5. Nothing under this Fourth Branch can be done without three months notice on the church-doors and schoolhouse, if any school is concerned; and a memorandum of whatever is done must be filed by the clerk of the peace one month afterwards, and open to all for a shilling fee. Any two persons whatever may petition, either before or within two months after any thing is done, under the 52 Geo. III., unless it has been done by the Justices, or a court of equity, or the Charity Commissioners; and the court may prohibit or rescind. Wherever there is a Special Visitor, his consent must be had; and where there is none, that of either the Ordinary or Metropolitan. Where ever any school is built, or endowed, or aided out of any fund, the donor's name, and dates of the foundation and improvement, are to be carved upon the building. Scotland, Ireland, and the Universities, and great public schools, are excepted from both acts.
The plan of which we have now given a faithful sketch, affords much matter of remark, and is quite certain to produce some controversy. Upon its various details, and even upon the leading principles which have regulated its construction, we shall at present forbear to comment; and shall confine our attention, in ihe little that remains of this article, to the portion of it which is likely to create the most difference of opinion--we mean, the connexion between the proposed Establishment for National Education, and the existing Church Establishment. Nor shall we now go through even the whole of this subject; for although it is possible that some persons may object to the principle of leaving the parish schools open to Dissenters, by excluding, for the most part, such religious instruction as would prevent any conscientious sectary from sending his children there, yet we can hardly anticipate any considerable stress being laid upon so unjust and intolerant a doctrine in the present day. If the whole community is to pay for the school, to the whole community it should in all reason and fairness be open; and surely no rational or liberal member of the Church would contend for such an arrangement as should increase the burthens already borne by Dissenters in support of an Establishment, from the benefits of which they are necssarily excluded-burthens justified by their absolute necessity in regard to the Established Church, but for that reason to be carried no further than the necessity prescribes. It is rather from an opposite quarter that we anticipate some objections; we mean from the Dissenters, who appear already to have conceived an alarm, and who, we cannot help thinking, have been misled in the notions they have formed of the measure. Perhaps many of the most liberal among that most respectable class of men, may be convinced of the mistakes under which they have laboured, by attending to the foregoing analysis of the measure. But we shall, with the utmost deference, and the most sincere good-will towards the whole body, proceed to submit a few additional remarks upon this interesting topic, in order still further to remove the existing misapprehensions.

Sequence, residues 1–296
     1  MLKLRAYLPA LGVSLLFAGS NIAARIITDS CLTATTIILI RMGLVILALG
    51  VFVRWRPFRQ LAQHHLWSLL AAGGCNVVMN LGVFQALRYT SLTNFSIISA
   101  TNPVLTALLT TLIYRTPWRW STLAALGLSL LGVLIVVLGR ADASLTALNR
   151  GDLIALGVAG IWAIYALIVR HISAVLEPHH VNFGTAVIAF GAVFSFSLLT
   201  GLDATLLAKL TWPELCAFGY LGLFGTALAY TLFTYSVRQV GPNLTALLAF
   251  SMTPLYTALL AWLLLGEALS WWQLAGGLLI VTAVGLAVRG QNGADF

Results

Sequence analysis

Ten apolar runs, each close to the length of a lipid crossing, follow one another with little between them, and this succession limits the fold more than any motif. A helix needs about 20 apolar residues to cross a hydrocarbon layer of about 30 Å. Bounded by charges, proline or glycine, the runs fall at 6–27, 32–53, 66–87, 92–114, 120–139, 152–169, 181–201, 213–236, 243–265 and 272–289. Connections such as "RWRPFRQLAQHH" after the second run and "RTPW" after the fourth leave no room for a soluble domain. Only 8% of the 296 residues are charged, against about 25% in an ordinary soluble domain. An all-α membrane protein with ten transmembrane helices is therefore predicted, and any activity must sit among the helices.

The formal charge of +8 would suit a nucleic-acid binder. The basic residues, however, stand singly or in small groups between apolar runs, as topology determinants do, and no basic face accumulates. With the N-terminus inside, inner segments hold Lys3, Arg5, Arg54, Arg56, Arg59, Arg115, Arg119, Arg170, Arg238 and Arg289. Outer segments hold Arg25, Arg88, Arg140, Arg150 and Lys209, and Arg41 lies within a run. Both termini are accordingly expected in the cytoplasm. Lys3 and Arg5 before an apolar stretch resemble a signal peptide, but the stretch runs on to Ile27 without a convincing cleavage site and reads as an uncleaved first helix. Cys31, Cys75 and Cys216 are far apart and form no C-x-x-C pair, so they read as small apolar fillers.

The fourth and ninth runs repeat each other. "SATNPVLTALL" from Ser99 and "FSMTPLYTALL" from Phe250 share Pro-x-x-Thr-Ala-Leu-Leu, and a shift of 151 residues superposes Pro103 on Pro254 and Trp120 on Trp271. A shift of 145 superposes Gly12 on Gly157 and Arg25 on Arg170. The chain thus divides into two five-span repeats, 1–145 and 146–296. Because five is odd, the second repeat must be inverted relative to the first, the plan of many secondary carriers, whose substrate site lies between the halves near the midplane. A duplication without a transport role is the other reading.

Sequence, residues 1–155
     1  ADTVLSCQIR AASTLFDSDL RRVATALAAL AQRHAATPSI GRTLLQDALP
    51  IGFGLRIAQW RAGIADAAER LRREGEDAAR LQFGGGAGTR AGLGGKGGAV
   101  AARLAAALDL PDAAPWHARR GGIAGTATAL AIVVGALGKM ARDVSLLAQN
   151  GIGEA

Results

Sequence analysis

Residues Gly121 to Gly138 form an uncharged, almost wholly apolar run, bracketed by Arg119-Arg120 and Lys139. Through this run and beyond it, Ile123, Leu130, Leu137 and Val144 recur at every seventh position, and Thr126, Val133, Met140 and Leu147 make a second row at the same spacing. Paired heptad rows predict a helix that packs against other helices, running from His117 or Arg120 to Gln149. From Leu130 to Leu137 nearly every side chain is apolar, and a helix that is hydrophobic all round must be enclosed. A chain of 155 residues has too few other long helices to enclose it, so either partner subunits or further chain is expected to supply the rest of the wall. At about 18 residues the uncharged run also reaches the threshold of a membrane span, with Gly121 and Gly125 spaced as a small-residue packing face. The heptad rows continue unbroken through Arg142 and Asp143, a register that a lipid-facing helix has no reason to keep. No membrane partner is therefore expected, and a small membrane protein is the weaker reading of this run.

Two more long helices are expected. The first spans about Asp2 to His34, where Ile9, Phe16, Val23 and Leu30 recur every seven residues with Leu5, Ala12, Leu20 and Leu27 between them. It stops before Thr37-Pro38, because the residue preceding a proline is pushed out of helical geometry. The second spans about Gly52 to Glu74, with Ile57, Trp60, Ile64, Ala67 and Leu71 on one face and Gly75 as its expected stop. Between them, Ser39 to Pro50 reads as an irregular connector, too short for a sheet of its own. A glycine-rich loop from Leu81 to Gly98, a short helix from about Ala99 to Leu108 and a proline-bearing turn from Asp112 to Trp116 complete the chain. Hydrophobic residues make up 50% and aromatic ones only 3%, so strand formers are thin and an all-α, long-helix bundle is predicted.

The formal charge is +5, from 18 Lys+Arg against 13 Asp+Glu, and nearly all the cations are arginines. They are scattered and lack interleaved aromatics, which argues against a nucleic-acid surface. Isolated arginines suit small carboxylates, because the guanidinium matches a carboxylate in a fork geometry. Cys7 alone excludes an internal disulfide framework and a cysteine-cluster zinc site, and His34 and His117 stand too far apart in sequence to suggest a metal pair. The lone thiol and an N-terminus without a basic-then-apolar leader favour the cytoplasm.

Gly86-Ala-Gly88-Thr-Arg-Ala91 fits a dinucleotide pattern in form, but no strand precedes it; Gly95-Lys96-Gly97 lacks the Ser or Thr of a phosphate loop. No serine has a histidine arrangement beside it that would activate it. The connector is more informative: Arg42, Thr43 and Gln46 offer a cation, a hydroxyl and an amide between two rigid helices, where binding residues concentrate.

First of all, it is to be observed, that the Plan in question professedly and openly connects itself with the Church Establishment; it avows and claims this alliance; so that they make no discovery, and still less detect any hidden design in its construction, who charge it with such a connexion, or maintain that its tendency is to give the clergy an influence upon the education of youth. But let us only attend to the strong reasons which exist for this arrangement. When a new system is to be established of so extensive a description, it is most natural to wish that it should be engrafted upon one already existing, and which has been coeval with the existence of the Government. N thing can tend more to give solidity and permanence to the fabric we are rearing, than building it on such a foundation. Again, the new system is to be local in all its arrangements, and to have its seat in the particular districts of the country. Would any man reject the known and ancient division of the kingdom into parishes and chapelries, in order to subdivide it anew, by cutting it into squares, like some of the most speculative reformers, or splitting it into little compartments, with a pond or maypole in each, as the French divided their country into larger departments, by rivers and mountains ? The parochial division, moreover, is analogous to the one required in its object; the one refers to the neighbourhood of the church, and the residence of the parson; the other to the position of the schoolhouse and dwelling of the master. To take the ecclesiastical distribution of the country, therefore, was quite a mat